Choose Your Next Steps
To complete the Getting Started sequence, consider your options as to what to do next to continue improving your knowledge. The Couchbase documentation set provides detailed information on all aspects of the platform; and this topic lists some of the important areas you can visit.
By navigating to the sections in this topic, you can increase your knowledge in the areas you’ve already looked at — installation, configuration, and N1QL — and also learn about new and (in some cases) quite advanced topics; such as multi-node clustering, failover, replication, and statistical analysis.
Couchbase Server can be deployed and installed in several different ways, including on traditional bare-metal servers, virtual machines, containers, and in the cloud. Take a look at the information provided in Couchbase Server Deployment Options to find the right deployment for you.
Couchbase Server can be configured in a variety of ways. You can perform the configuration using the Couchbase Server Web Console, the Couchbase Command Line Interface (CLI), or with the Couchbase REST API. See Initializing the Cluster for details.
Periodically, you will need to stop and start individual server nodes. Information on doing this is provided in the section Couchbase Server Startup and Shutdown.
Couchbase Server resources are protected by means of role-based access control (RBAC). This means that different roles are assigned to different users, each role being associated with a subset of privileges on one or more resources. This makes it possible, for example, for one user to be granted read-access on a particular bucket, while another user is granted both read and write-access on the same bucket. For a detailed explanation, see Authorization.
As you’ve already seen, you can query Couchbase Server manually, using the N1QL query language and the Query Workbench.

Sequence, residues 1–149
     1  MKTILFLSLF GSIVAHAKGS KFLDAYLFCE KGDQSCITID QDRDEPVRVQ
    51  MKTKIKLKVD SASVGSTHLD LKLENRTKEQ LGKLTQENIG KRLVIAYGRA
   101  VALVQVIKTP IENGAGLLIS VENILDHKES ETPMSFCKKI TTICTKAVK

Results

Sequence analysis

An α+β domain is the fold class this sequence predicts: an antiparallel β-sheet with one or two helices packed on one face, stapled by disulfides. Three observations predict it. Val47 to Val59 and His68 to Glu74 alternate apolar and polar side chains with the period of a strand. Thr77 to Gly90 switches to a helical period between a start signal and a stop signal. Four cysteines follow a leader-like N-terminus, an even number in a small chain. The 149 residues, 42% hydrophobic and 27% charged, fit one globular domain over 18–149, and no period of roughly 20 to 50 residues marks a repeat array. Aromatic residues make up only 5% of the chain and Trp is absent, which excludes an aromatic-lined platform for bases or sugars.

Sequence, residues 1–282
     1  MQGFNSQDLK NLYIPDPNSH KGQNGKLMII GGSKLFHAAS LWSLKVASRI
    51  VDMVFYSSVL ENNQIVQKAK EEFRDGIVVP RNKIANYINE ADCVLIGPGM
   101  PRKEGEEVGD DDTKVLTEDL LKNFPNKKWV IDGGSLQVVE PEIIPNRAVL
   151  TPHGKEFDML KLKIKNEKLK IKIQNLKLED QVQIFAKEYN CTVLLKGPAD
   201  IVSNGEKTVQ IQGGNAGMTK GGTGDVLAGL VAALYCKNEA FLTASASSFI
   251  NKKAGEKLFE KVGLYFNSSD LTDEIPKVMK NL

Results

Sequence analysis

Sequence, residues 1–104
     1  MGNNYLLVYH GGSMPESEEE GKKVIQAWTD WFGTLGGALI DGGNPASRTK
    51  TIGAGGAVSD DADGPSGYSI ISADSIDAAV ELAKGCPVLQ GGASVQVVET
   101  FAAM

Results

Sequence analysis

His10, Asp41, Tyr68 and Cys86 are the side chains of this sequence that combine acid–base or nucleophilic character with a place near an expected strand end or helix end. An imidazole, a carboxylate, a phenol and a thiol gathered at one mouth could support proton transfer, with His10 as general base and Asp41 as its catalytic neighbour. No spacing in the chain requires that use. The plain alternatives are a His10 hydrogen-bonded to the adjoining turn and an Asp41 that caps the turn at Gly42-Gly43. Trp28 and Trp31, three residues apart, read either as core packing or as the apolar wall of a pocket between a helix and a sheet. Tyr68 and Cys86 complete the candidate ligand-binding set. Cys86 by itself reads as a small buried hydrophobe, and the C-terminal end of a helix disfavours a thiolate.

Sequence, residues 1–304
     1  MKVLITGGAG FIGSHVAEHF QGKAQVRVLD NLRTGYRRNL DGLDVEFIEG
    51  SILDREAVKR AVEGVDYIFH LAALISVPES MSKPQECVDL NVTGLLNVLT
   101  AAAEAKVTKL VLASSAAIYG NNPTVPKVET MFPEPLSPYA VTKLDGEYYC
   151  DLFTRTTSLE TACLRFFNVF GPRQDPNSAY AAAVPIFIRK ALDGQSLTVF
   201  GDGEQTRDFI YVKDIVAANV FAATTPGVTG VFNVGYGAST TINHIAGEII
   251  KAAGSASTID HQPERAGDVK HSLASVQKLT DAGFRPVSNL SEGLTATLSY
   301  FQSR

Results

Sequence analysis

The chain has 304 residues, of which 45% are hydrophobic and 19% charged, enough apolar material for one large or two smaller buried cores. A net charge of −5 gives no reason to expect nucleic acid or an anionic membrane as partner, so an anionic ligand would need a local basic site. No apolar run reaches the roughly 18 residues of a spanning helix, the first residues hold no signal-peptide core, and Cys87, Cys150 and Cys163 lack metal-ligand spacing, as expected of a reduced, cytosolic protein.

A full introduction to N1QL can be found in the section java-sdk::n1ql-query.adoc, including information on using
cbq, which allows N1QL queries to be entered at the command line.
Additionally, N1QL queries can be specified by means of the Couchbase REST API. For information on doing so, see the section N1QL REST API.
The Couchbase SDK is available for several different programming languages. Take a look at the section java-sdk::start-using-sdk.adoc. You can select a language, and the page for that language provides information on installing supportive modules and libraries, and also includes code-examples to get you started with development.
Your hands-on progress with Couchbase Server will be greatly helped by a good conceptual knowledge. Start by looking at the Overview, and then go from there.
If you are an administrator, your priority will be to learn about system setup and cluster management. Start by reading an overview of administrative tasks in Cluster Operations.
In some cases, you may wish to integrate Couchbase Server with another, different data-repository. For example, you might wish to continue using your current Elasticsearch database for the performance of free text searches, and extend these searches to Couchbase Server-data, so that Couchbase-documents can be retrieved. For this to be possible, data must be shared between the repositories, and your querying coordinated between them.
See Connector Guides for information about Elasticsearch and all other repositories with which you can integrate Couchbase Server.